In patients with hyperthyroidism, severe infection is a common precipitating factor of thyroid storm. Suspect this in patients with high fever, leukocytosis, and other signs of infection.
Trauma related to surgery or other causes (motor vehicle accident, etc.) causes an acute surge of stress hormones and may alter protein binding, acting as a precipitating factor to thyroid storm.
Patients who are post-operative from thyroid or nonthyroidal surgery are at risk for the onset of thyroid storm. This may be due to physiological stress on the body, or a postoperative drop in binding protein levels, leading to a rapid rise in free hormone.
Pregnant women with a history of hyperthyroidism are at risk of thyroid storm precipitated by labor, infection, preeclampsia or cesarean section.
Graves disease is an autoimmune disorder, and is the most common cause of hyperthyroidism. It can develop into thyroid storm without an additional stimulus if it is chronic and left untreated.
A common cause of thyroid storm is excessive thyroid hormone ingestion. This can occur due to accidental or intended overdose, dose changes, polypharmacy or patient confusion.
TSH-producing pituitary adenomas secrete biologically active TSH, and may be a cause of thyroid storm. While they are a rare cause, they should be suspected in patients with a goiter and no extrathyroidal manifestations of thyroid disease.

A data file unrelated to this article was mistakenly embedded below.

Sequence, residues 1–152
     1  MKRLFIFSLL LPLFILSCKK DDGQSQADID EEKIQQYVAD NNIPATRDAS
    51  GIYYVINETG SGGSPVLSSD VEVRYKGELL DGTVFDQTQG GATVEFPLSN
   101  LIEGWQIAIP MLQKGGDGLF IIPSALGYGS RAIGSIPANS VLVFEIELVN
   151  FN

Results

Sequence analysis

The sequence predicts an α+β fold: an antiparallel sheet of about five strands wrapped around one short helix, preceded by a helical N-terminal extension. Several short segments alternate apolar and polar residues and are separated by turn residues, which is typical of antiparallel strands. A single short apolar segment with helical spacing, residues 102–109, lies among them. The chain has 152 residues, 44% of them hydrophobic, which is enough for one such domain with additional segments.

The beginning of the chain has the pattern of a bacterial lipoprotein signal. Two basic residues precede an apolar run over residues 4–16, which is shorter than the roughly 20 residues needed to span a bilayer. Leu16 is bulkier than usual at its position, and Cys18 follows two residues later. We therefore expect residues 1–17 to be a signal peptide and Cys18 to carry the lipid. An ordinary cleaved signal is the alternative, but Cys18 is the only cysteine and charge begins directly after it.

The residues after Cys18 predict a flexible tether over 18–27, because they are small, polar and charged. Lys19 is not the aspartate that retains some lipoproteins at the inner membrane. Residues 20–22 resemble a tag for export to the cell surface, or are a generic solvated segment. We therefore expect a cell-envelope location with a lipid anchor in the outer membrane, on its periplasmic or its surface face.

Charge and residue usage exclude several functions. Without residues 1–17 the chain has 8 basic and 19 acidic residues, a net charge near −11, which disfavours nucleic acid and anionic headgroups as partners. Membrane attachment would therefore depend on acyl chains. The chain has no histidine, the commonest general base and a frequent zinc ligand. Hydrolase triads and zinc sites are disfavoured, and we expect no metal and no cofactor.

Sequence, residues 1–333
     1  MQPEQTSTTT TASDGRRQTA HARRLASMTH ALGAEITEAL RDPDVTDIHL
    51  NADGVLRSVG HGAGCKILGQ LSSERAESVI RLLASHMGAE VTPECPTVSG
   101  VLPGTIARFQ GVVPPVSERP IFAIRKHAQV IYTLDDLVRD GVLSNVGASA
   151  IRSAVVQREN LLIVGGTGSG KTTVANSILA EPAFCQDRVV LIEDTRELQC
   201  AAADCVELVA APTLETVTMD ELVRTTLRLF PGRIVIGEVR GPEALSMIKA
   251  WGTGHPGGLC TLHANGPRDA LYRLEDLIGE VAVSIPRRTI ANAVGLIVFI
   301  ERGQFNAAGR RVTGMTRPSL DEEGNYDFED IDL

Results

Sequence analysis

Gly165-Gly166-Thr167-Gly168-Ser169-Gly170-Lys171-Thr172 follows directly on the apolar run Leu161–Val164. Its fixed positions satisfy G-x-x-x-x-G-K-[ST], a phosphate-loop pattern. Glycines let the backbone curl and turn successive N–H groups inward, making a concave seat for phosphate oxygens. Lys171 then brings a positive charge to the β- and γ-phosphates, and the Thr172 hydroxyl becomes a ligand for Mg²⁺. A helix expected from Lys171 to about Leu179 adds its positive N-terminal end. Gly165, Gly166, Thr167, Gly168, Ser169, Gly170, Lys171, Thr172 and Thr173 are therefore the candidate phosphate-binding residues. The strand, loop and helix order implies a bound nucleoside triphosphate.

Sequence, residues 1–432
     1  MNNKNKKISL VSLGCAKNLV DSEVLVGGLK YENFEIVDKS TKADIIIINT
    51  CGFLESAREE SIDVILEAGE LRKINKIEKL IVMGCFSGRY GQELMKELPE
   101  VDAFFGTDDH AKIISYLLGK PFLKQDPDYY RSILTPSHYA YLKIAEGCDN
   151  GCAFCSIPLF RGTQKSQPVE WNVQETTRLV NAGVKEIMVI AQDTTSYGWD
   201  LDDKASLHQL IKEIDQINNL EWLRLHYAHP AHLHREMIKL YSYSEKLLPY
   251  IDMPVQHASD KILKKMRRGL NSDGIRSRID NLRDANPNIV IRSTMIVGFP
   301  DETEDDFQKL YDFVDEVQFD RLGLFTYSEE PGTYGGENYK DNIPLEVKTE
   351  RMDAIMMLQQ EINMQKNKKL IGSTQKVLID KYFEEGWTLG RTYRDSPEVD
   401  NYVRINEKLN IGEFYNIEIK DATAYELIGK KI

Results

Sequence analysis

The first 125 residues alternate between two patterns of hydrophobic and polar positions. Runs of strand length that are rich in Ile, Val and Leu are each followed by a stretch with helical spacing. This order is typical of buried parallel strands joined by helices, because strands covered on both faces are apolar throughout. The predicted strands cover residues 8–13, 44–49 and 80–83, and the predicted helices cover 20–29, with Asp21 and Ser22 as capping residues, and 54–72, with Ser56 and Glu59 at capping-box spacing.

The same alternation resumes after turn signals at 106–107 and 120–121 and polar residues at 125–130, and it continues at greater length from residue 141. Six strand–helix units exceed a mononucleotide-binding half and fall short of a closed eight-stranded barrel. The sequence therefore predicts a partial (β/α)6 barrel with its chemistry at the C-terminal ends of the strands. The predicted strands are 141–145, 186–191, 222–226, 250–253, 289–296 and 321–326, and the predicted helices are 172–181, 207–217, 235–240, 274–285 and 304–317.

Toxic adenoma and toxic multinodular goiter both lead to hyperfunctioning thyroid tissue. Hyperplasia of thyroid follicular cells causes an increase of biologically active thyroid-secreting tissue, which acts autonomously of TSH.
Patients with McCune Albright syndrome have a somatic mutation that causes activation of adenylyl cyclase, and resultant continuous stimulation of endocrine functions. In some cases, this can lead to thyroid storm, especially in combination with other precipitating factors.
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